Surely even the most cynical of football fans, though fully aware - and weary - of the freight train-like, Sky Sports-led hype machine we indulge in from August to May, couldn't say no to a decent end-of-season montage.
But ever since Sky's 2008/2009 tribute set to The Temper Trap's 'Sweet Disposition' brought out the goosebumps seven years ago, such montages have invariably flattered to deceive due to some utterly forgetful seasons and extremely dodgy soundtrack decisions (the debacle of 'Millionaires' by The Script in 2014 springs to mind - sometimes even while I sleep).
In fairness, it would have taken a special kind of idiot to make a balls of this season's entry, what with nine months of low-quality football and rip-roaring entertainment resulting in arguably the greatest sporting story ever told, along with relegation for two established Premier League clubs, the bizarre implosion of Chelsea, and the emergence of Tottenham as a relatively serious Premier League entity.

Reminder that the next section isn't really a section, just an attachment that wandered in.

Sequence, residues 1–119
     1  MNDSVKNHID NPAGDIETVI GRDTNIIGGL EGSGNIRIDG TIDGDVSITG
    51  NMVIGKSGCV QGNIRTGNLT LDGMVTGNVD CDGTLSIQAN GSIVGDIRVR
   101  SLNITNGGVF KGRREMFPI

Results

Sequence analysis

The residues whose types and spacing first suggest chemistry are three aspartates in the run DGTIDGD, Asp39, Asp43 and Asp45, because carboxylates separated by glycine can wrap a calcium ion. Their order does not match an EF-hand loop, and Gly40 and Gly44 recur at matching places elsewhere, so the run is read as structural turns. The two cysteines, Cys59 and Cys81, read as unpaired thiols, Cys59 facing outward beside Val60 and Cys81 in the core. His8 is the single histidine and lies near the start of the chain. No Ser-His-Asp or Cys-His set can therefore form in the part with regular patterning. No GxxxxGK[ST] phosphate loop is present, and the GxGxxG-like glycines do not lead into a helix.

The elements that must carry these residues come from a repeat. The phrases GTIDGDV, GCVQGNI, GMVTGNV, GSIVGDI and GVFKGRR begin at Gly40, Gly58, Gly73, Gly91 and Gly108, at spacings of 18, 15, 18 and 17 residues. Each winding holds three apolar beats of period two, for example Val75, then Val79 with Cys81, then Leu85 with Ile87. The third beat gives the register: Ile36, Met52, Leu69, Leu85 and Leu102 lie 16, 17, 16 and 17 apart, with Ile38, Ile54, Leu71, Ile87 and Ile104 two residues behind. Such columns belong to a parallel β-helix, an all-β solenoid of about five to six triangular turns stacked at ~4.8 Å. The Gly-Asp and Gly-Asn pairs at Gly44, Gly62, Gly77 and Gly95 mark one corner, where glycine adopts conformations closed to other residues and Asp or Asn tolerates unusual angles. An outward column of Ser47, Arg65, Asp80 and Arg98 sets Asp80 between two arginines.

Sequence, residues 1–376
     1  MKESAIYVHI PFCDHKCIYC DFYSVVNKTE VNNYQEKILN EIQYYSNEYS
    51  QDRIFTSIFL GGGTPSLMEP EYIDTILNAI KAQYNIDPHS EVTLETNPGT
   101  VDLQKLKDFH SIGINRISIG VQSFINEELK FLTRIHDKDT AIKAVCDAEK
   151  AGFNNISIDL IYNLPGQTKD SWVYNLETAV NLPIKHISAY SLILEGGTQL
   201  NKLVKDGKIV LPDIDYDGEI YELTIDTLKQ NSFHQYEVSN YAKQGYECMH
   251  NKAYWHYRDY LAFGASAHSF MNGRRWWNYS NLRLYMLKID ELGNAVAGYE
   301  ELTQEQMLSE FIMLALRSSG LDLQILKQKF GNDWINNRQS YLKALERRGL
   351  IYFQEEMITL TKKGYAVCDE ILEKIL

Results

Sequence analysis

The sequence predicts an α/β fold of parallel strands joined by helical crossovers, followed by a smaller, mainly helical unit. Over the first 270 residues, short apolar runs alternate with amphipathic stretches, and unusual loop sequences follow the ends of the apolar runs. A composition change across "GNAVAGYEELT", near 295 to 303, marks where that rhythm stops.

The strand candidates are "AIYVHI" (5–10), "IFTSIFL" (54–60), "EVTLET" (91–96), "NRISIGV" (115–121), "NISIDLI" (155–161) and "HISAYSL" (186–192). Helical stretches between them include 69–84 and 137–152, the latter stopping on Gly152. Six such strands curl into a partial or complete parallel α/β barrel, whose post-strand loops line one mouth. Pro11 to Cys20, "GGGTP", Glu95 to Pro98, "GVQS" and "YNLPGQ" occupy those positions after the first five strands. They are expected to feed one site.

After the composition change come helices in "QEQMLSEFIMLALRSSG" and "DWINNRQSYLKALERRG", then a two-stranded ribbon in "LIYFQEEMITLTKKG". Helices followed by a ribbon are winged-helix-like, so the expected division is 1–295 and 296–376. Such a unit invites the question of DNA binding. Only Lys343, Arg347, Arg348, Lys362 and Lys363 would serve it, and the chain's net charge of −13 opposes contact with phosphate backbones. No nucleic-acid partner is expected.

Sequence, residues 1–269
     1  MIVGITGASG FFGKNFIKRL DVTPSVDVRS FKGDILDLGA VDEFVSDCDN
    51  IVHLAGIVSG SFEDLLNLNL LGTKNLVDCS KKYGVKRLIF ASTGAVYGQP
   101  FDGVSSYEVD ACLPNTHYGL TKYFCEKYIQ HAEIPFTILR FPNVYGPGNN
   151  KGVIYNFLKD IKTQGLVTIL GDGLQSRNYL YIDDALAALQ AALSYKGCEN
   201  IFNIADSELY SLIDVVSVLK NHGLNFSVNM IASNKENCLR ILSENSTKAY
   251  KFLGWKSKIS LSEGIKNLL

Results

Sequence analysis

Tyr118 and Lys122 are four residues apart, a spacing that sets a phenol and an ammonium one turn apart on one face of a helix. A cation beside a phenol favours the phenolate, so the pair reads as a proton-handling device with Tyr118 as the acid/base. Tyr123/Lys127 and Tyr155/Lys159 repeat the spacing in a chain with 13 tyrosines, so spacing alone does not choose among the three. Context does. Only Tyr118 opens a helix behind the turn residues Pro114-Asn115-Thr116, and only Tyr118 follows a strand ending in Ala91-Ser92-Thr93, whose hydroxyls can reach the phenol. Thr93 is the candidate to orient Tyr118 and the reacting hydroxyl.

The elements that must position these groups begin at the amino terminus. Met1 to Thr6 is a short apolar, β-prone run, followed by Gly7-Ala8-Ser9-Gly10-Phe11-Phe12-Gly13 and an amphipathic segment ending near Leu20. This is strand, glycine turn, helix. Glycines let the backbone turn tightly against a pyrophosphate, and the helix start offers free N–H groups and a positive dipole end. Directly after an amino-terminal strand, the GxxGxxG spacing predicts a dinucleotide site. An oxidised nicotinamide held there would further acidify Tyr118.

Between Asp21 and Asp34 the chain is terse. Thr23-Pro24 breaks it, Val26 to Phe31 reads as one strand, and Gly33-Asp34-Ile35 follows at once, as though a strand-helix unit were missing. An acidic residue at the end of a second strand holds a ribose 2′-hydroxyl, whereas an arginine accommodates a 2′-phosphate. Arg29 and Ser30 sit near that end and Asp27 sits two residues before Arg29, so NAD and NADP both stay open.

Plus, you know, there's been the Jurgen Klopp effect, West Ham and Dimitri Payet, Sunderland's great escape at Newcastle's expense, and so much more - all of which has been amalgamated into one cracking review by Sky.
— Balls.ie (@ballsdotie) May 6, 2016
Even if you've 'fallen out of love with the modern game' as many tend to in this day and age, it's difficult not to sit back and enjoy this while looking forward to Bournemouth's title challenge next season.
Arguably the finest end-of-season montage since that famous '08/09 effort, with some wonderful camera angles perfectly encapsulating the thrills and spills of a highly entertaining season, regardless of your affiliation.
The song, as many of you will be aware, is Mumford & Sons' 'Believe' - a bold move which seemed to pay off. Perhaps 'Underdog' or 'Fire' by Kasabian in light of Leicester's success were considered too cliché. But fair play to Sky Sports' montage department, because they've really come up trumps this year.
Thankfully, the Euros will nicely bridge the gap between now and August.